Posterior Placenta

When a woman is pregnant, an organ called the placenta delivers nutrients and oxygen from the blood of the mother to the blood of the baby. The placenta covers a wide area and is connected to the uterus of the mother. The umbilical cord connects the placenta to the baby.

The front area of the uterus is considered the anterior; the back side is the posterior; the fundal is the top wall; and the sides of the uterus are the right and left laterals. It doesn’t matter which area of the uterus the placenta situates itself, but if the lower portion is too far down it can make it difficult for the baby’s head to descend when it is time for the birth. Having a posterior placenta means that it can cause the mother to experience excessive bleeding while pregnant as well as while giving birth.

What Is Posterior Placenta?

When the placenta of a mother attaches itself to her uterus on the back wall, it is considered a posterior placenta. This area of the uterus is right near the spinal column of the mother. When the egg is fertilized, it remains close to that area of the uterus and grows from there. The “posterior” represents the back and the “anterior” means the front.

What the posterior placenta means is the uterus positions itself among the pelvic bones of the mother. As the baby begins to grow, so does the uterus. The placenta attaches itself to the uterine wall. When it attaches to the posterior, it is considered a posterior placenta.

Is Posterior Placenta Normal?

Both an anterior and a posterior placenta are normal for both the baby and the mother. When it is in the vertical location of the uterus, this makes it a placenta posterior. When the placenta is on the back wall towards the upper portion of the uterus, it is considered the placenta posterior fundal. This is considered the best location for the baby to be in as it allows the baby to move into the anterior position just before it is born. While it faces its mother’s spine, the crown of the infant’s head is able to make its way towards the birth canal.

How Does the Placental Position Change?

When a woman is pregnant, an ultrasound is implemented to find out exactly where the placenta is and what its location to the cervix is. It is normal for the placenta to change throughout the pregnancy. Midway through the pregnancy, the placenta takes up 50% of the space on the surface of the uterus. At the 40 week mark, the placenta only takes up from 17 to 25% of the surface of the uterus. It’s not that the placenta is shrinking; it’s that it grows more at different times of the pregnancy.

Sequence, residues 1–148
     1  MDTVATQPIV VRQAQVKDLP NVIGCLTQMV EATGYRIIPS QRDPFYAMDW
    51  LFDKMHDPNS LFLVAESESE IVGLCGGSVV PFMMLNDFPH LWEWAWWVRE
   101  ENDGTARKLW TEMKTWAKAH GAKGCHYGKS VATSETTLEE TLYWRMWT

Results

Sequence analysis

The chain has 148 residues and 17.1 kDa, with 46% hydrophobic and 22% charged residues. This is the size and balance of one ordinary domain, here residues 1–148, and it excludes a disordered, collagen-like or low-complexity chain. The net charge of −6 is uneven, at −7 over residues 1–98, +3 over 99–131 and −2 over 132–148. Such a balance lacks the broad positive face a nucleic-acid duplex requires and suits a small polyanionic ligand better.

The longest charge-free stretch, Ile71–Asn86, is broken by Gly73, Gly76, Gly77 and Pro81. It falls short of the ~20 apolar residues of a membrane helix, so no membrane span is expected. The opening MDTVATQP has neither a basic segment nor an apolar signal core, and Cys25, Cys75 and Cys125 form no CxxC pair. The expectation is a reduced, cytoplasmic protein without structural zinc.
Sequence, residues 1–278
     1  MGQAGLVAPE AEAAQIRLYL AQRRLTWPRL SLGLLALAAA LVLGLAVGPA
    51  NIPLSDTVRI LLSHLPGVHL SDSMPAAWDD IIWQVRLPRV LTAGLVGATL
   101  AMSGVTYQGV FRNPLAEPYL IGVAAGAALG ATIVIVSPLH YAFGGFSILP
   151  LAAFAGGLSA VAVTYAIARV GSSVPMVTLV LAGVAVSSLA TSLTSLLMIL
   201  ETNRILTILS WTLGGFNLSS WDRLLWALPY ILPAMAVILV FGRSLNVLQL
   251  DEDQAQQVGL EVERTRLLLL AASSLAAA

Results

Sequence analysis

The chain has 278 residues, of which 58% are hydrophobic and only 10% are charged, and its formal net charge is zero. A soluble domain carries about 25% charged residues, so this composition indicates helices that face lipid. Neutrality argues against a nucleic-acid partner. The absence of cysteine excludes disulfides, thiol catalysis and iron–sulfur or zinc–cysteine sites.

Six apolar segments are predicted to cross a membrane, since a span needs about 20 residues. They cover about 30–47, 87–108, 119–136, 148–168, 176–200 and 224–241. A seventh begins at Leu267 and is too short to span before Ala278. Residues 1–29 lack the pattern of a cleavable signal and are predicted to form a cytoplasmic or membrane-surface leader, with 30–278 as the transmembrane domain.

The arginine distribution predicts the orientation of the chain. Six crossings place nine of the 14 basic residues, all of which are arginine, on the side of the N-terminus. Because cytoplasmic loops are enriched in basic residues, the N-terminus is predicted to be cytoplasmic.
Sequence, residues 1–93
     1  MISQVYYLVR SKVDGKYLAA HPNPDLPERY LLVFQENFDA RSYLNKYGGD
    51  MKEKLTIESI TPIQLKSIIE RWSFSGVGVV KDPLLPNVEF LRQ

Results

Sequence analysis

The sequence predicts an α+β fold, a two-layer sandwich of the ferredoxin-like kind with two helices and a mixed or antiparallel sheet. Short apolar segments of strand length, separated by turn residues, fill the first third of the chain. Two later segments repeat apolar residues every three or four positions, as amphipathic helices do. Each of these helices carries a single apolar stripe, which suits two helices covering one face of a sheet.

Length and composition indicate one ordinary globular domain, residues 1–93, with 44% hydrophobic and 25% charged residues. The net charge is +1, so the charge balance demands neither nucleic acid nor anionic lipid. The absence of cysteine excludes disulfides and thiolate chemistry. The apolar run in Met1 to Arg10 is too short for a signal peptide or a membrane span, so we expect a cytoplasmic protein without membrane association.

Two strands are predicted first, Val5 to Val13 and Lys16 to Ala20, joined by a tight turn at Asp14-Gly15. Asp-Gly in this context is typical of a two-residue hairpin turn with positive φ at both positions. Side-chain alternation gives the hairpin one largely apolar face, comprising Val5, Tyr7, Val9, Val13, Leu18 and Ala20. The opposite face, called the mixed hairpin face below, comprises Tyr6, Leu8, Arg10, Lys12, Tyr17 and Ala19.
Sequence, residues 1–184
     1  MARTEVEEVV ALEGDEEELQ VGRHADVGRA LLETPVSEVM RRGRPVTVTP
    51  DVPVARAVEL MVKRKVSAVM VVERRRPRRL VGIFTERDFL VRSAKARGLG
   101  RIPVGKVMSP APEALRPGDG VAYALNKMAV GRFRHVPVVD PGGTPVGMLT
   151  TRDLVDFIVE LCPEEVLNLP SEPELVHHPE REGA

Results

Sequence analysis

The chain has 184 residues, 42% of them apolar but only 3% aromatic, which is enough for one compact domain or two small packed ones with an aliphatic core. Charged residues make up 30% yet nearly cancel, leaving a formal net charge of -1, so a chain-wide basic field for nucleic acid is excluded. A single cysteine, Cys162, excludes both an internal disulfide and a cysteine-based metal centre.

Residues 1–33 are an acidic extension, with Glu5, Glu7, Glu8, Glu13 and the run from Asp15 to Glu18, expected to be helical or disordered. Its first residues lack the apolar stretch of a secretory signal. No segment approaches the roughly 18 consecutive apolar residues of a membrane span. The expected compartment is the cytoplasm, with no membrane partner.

By the third portion of the pregnancy, the head of the baby begins to prepare for labor by descending down to the pelvic area. The lower portion of the uterus begins to thin out from the pressure that the baby’s head is putting on it. This is when the placental attachment looks like it is beginning to rise.

When to Worry About Placental Position

When the placenta grows in the direction of the cervix, it is called placenta previa and it could be a cause for concern. The placenta has a chance of detaching itself from the unstable portion of the cervix towards the lower portion of the uterus. This could cause premature labor and complications as a result of heavy bleeding.

Usually there is nothing to worry about if a scan that is taken in the beginning of your pregnancy determines that your placenta is located at the bottom of your uterus. The placenta will be moving upwards as the pregnancy advances.

Later on in the pregnancy this position of the placenta could cause problems. Placenta previa means that the cervix has become obstructed and the baby may not be able to be born vaginally. Placental abruption occurs when the uterine wall is stretched towards the second half of the pregnancy resulting in excessive bleeding. It is important to keep an eye on the location of the placenta throughout the pregnancy to determine if the mother will be able to deliver her baby vaginally or if she will require a Caesarian section.

 
 
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